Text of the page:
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Influenza
Flu in all Forms, Be Informed...Not Panicked.
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Rescooped by Mel Melendrez-Vallard from Virology News
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Potential for H3N2 influenza pandemic

Potential for H3N2 influenza pandemic | Influenza | Scoop.it

The 2009 swine-origin H1N1 influenza, though antigenically novel to the population at the time, was antigenically similar to the 1918 H1N1 pandemic influenza, and consequently was considered to be [ldquo]archived[rdquo] in the swine species before reemerging in humans. Given that the H3N2 is another subtype that currently circulates in the human population and is high on WHO pandemic preparedness list, we assessed the likelihood of reemergence of H3N2 from a non-human host. Using HA sequence features relevant to immune recognition, receptor binding and transmission we have identified several recent H3 strains in avian and swine that present hallmarks of a reemerging virus. IgG polyclonal raised in rabbit with recent seasonal vaccine H3 fail to recognize these swine H3 strains suggesting that existing vaccines may not be effective in protecting against these strains.

 

Vaccine strategies can mitigate risks associated with a potential H3N2 pandemic in humans.


Via Ed Rybicki
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Ed Rybicki's curator insight, May 13, 2013 10:24 AM

No-one think of H3N2...except, as it happens, these folk - who have shown quite convincingly that circulating strains of H3N2 in birds and pigs would be quite capable of avoiding vaccine-conferred immunity, and potentially of causing a pandemic, if they reassorted with human-infecting viruses.  

 

I can't help but feel that there are several ticking influenza pandemic time bombs out there...H5N1, H7N9, and now H3N2.

Rescooped by Mel Melendrez-Vallard from Virology News
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Antigenic Drift of the Pandemic 2009 A(H1N1) Influenza Virus in a Ferret Model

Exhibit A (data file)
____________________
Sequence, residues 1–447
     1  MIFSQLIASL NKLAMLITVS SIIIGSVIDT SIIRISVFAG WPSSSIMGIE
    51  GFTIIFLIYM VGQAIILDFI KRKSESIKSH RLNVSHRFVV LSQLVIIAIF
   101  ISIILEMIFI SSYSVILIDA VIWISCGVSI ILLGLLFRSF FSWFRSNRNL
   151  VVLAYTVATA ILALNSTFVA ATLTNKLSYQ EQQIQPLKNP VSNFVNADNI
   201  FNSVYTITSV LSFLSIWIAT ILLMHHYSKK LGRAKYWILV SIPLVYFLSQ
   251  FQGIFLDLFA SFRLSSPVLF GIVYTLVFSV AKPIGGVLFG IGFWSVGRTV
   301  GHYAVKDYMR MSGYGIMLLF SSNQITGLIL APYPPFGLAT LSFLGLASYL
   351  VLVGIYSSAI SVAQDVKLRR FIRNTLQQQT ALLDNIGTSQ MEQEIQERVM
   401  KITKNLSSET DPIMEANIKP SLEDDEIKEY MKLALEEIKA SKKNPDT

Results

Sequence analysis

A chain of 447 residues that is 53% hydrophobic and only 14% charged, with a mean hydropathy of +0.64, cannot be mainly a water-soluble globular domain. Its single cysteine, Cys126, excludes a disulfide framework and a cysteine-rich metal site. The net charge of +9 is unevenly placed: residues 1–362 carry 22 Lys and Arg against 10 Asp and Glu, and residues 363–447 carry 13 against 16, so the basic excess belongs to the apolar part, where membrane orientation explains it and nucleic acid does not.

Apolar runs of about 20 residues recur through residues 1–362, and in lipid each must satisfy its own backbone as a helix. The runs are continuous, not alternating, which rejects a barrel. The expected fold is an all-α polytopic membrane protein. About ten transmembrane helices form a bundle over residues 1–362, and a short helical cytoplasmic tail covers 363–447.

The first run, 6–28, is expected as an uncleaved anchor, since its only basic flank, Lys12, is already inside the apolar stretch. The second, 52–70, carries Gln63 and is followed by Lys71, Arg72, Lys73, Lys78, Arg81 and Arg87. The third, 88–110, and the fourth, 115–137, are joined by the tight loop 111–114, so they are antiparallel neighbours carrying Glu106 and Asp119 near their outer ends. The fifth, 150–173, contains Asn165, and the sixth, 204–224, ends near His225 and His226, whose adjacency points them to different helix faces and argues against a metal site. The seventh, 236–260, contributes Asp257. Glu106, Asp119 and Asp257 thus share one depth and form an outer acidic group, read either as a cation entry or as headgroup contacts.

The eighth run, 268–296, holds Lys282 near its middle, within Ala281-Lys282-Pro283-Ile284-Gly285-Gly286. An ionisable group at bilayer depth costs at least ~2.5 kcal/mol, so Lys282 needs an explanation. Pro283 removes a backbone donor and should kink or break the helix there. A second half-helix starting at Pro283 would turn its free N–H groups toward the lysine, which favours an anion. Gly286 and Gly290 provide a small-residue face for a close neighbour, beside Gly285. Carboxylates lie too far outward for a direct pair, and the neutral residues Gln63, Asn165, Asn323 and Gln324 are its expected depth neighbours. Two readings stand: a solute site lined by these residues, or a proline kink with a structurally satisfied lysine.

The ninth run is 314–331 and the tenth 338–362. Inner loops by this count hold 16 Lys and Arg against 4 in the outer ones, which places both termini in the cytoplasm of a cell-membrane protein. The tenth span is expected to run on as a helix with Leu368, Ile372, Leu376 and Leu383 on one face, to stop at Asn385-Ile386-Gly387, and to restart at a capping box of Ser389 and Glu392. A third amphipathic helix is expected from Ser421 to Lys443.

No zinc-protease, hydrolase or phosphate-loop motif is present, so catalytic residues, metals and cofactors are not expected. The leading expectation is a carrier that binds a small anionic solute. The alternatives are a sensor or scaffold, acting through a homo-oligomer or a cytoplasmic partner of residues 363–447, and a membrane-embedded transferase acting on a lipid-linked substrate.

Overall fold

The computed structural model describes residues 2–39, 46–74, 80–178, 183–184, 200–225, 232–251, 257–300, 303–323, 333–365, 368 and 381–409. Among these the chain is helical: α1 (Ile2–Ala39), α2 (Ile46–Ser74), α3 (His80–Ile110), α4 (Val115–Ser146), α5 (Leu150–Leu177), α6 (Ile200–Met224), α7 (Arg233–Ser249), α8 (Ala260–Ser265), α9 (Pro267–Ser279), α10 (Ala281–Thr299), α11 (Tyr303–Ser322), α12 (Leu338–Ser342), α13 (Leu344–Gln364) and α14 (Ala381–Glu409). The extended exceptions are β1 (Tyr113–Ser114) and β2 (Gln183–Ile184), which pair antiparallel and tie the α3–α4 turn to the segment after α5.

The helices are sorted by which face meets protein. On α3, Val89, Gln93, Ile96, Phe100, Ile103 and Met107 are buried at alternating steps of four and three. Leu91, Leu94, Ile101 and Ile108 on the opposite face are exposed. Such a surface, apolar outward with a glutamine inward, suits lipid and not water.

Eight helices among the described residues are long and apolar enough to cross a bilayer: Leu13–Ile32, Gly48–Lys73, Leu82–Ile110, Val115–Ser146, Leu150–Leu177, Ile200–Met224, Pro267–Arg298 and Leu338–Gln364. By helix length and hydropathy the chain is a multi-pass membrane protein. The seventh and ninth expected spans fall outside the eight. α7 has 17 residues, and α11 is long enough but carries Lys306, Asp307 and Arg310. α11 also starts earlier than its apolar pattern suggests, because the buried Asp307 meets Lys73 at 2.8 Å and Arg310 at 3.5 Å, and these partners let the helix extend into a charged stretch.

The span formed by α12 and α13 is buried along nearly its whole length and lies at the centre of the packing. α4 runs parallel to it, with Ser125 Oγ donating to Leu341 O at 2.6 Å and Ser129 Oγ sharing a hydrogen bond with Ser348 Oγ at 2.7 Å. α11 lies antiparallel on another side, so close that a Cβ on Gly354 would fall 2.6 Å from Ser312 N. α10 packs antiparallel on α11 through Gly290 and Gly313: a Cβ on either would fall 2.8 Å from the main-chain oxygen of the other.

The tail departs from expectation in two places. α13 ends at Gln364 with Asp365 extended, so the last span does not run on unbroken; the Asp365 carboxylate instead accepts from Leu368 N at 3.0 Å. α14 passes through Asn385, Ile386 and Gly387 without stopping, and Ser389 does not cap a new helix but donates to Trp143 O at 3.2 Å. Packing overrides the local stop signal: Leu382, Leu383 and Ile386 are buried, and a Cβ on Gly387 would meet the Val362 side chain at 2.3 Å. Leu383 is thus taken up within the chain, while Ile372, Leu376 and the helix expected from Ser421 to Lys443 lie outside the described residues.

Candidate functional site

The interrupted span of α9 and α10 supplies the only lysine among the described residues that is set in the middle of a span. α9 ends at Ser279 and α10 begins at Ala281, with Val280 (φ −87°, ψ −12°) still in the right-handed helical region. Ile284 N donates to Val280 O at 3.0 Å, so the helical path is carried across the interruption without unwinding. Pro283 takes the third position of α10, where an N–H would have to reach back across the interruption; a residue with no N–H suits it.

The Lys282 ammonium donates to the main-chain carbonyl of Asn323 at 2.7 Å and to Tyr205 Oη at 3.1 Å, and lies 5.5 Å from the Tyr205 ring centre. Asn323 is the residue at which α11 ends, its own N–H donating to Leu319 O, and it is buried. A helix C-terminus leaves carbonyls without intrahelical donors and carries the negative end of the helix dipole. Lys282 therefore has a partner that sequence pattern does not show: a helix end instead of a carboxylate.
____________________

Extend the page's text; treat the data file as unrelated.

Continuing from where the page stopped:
Antigenic Drift of the Pandemic 2009 A(H1N1) Influenza Virus in a Ferret Model | Influenza | Scoop.it

Infection with influenza virus leads to significant morbidity and mortality. Annual vaccination may prevent subsequent disease by inducing neutralizing antibodies to currently circulating strains in the human population. To escape this antibody response, influenza A viruses undergo continuous genetic variation as they replicate, enabling viruses with advantageous antigenic mutations to spread and cause disease in naïve or previously immune or vaccinated individuals. To date, the 2009 pandemic virus (A(H1N1)pdm09) has not undergone significant antigenic drift, with the result that the vaccine remains well-matched and should provide good protection to A(H1N1)pdm09 circulating viruses. In this study, we induced antigenic drift in an A(H1N1)pdm09 virus in the ferret model. A single amino acid mutation emerged in the dominant surface glycoprotein, hemagglutinin, which had a multifaceted effect, altering both antigenicity and virus receptor specificity. The mutant virus could not be isolated using routine cell culture methods without the virus acquiring additional amino acid changes, yet was fit in vivo. The implications for surveillance of circulating influenza virus are significant as current assays commonly used to assess vaccine mismatch, as well as to produce isolates for vaccine manufacture, are biased against identification of viruses containing only this mutation.

 

Influenza virus graphic by Russell Kightley Media 


Via Ed Rybicki
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Ed Rybicki's curator insight, May 10, 2013 12:19 AM

There is a rather disturbing result in this paper: that is, that the mutation in the H1N1 HA that emerged in serial ferret transfers that was responsible for antigenic drift, resulted in a virus that could NOT be cultured by routine methods despite being quite happy in ferrets.  In fact, adapting the virus to culture meant it accumulated MORE mutations, meaning the thing they got out by "current assays" was NOT the same thing that was causing disease.

 

This is worrying for a number of reasons, not least of which is that informed decisions on probable vaccine efficacy are made as a result of such assays - and the vaccines themselves, in some cases.  And if what these decisions are based on is incorrect...?

 

Time for some better science here, people - like next-gen sequencing rather than isolation as a measure of what is causing disease!